I didn’t know where it would take me, but I knew it was time to think about what I believed, particularly regarding faith.

So for the last few years, I’ve been on this journey, but it’s not one I’ve talked much about publicly. Naturally, my increasingly introspective nature leads me to think about why that is. I don’t think I have the complete answer, but I think I can summarize it: Fear.

I can confidently and comprehensively discuss LGBTQ issues with pretty much anybody now. For more than a decade, these issues have dominated my life. And while many conservative Evangelical Christians love to talk about how my sexuality is only one small part of the complete “me,” they’re also the ones who force many of us to focus on it because we’re constantly defending our love and our livelihoods. Fighting to be equal. Fighting just to live in peace. So while I certainly don’t claim to know everything when it comes to the LGBTQ community, or even myself within it, I can definitely discuss it. 

When I was a child and into my teenage years, before I knew for sure I was gay, there was something else I could discuss at length, something else that dominated my thinking and world: my faith. And I loved it. It helped me understand the world. It gave me guidance. Friends. A family of sorts. It gave me hope and love and fun. It gave me a chance to perform, write, and speak to groups. I realized I could be influential in others’ lives. It gave me a sense of mission.

But I also had questions and doubts. Big ones. Even before my sexuality became an issue, I learned that doubts and questions were not welcome at church. Disagreement was not welcome.

I’ve always been one to value education, logic and reason. More and more, I felt these were also not welcome, so I, in turn, was not welcome. As I got older, I started to notice other things, like misogyny and racism. Things just didn’t feel right. It didn’t seem like the Christ I had read about, whose love, compassion, grace and peace I thought I had at least occasionally felt. I realized I needed to leave. As you can imagine, once I realized I was gay, I knew that was it. 

All I knew about “other” non-Evangelical Christians back then was that they were few in number, were all wrong, and were giving into “the world” to make people more comfortable. That’s what I had been taught. Fortunately, I was going off to college and didn’t have to deal with any of it, so I didn’t.

While away at college, I was able to really come into my own. The big, bad, liberal university I spent my entire childhood hearing about turned out to be an awesome, caring community that allowed me to meet other people, learn new things, and gather valuable new perspectives on the world and the people living in it. It solidified what I already instinctively knew: Higher education and interaction with people who were different from me were good things, not bad things. My biggest regret about college is that I rushed through it.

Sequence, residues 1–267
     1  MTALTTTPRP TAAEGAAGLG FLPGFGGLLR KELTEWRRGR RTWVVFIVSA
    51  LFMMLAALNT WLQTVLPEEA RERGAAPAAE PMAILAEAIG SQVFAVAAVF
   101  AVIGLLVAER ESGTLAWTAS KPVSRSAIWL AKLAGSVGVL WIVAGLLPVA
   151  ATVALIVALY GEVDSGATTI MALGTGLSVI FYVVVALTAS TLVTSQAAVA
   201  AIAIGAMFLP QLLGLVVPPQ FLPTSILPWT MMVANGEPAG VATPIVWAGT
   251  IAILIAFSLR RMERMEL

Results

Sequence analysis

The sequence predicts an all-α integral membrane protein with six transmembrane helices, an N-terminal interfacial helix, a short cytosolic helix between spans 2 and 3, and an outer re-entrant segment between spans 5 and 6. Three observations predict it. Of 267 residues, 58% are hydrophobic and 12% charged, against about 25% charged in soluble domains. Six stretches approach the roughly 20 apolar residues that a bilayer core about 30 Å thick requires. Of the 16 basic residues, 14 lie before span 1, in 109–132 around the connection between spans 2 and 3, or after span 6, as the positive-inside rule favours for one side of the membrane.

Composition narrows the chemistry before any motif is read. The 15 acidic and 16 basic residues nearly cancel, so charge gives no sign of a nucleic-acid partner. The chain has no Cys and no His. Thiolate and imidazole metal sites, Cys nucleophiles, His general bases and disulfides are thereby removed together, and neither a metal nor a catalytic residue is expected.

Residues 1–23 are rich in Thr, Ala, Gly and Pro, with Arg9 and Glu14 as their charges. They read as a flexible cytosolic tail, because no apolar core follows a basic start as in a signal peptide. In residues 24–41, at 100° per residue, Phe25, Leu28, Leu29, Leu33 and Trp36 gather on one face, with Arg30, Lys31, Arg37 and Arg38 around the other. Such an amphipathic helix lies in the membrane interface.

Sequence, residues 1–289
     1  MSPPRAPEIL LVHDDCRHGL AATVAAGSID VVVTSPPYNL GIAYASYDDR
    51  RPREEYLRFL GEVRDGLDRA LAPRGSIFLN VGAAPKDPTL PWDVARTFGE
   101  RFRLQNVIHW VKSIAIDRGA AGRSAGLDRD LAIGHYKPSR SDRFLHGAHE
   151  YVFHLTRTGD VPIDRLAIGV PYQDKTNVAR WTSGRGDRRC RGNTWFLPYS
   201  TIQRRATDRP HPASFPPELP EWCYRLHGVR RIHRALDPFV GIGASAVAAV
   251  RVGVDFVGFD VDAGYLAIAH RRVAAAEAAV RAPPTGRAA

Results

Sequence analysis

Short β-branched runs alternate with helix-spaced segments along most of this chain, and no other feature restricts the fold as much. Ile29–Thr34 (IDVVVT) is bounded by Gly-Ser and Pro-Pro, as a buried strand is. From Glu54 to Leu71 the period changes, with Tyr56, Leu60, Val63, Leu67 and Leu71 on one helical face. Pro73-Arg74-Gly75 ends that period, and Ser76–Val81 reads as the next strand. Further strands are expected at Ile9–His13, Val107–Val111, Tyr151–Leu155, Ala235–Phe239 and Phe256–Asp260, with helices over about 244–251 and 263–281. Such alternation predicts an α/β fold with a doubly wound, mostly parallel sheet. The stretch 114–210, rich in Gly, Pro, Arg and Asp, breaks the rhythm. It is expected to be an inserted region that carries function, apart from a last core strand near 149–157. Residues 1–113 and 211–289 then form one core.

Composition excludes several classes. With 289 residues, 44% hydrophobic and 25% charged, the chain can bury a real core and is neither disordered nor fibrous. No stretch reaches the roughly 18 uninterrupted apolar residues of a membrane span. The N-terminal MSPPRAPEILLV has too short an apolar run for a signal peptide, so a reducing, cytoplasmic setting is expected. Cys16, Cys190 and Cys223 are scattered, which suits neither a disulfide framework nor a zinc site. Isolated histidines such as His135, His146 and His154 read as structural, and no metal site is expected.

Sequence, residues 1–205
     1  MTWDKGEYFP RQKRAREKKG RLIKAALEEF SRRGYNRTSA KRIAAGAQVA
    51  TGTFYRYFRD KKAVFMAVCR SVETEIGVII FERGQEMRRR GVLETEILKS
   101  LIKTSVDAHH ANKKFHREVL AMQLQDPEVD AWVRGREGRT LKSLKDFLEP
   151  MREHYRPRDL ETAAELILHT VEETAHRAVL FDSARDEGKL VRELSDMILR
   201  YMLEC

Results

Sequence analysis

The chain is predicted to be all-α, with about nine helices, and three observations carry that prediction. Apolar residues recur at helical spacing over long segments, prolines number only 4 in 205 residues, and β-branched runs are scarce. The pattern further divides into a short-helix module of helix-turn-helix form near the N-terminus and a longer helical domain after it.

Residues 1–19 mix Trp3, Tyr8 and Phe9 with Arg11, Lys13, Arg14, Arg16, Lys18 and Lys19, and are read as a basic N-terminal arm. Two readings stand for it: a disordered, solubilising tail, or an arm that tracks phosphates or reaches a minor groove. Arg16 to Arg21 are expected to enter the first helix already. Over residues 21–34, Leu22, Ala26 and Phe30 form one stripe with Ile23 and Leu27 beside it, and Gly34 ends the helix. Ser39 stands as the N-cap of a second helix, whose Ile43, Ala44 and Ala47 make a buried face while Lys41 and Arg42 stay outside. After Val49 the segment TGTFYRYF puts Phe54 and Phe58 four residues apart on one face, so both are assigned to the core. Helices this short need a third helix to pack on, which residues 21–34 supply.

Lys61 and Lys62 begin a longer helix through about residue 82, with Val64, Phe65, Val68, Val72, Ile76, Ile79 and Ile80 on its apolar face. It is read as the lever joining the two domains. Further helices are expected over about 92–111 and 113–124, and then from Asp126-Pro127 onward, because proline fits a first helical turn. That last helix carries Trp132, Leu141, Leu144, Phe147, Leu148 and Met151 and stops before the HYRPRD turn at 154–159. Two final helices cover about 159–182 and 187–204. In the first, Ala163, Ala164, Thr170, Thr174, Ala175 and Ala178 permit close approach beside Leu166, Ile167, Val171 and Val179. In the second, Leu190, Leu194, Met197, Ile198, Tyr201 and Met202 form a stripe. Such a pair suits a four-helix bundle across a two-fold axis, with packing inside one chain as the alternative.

My drifting away wasn’t entirely my childhood church’s fault. It was inevitable. So-called “Christians” have repeatedly been the most hypocritical, hate-filled, fear-filled people I’ve encountered. And some of the nicest, most caring people I’ve met have been people of other faiths or of no faith. Plenty of “Christians” pushed me farther away. I have to say, though, that I never doubted my childhood church’s love for me. There are certainly reasons to be thankful to them, though I have to wonder what would’ve happened had I known I was gay back then and been open about it.

So there I was, at that table with that adorable man. For years, I hadn’t had to think about my faith, so I didn’t. But it was time. What did I believe? And if I did really still ultimately think I was a Christian, there really wasn’t any welcoming place for me, an openly gay man, right? Turns out, there was, but it would take time to figure that out.

My “Giving Tuesday” Plans


This year, I’ve been thinking about Giving Tuesday more than usual. I try to give whenever I can, whenever it’s needed, but I also like the idea of a concerted effort to encourage others to give charitably, especially in this season of receiving gifts, many of which we don’t truly need.

There are many, many causes I’d love to financially support, and I encourage everyone to donate some time or money throughout the year, if you’re able. That said, here’s who I’ll be helping on Giving Tuesday:


St. John’s Cathedral

I’m not technically a member of St. John’s Cathedral (or the Episcopal Church, for that matter), but its clergy, particularly Dean Kate Moorehead and Rev. David Erickson, are wonderful and have really helped me. They are also advocates for the marginalized in our community. St. John’s Cathedral’s outreach efforts include Volunteers in Medicine and the Clara White Mission.

Earlier this year, St. John’s Cathedral invited neighboring churches, businesses and nonprofits to discuss the future of its Downtown neighborhood “and how to return it to a thriving community.” The goal: “…sharing God’s love through urban revitalization,” not by “displacing the poor and the non-profits ministering to them,” but by “moving working class people, businesses, and students into the district, beautifying the area and slowing the traffic so that a true village is born.”

Sounds good to me.

An estimated 3,000 people are homeless in Jacksonville. The Sulzbacher Center is the area’s largest provider of comprehensive services for the homeless. Beyond food, shelter and healthcare, it also helps people find jobs, and offers children’s programs and life skills programs.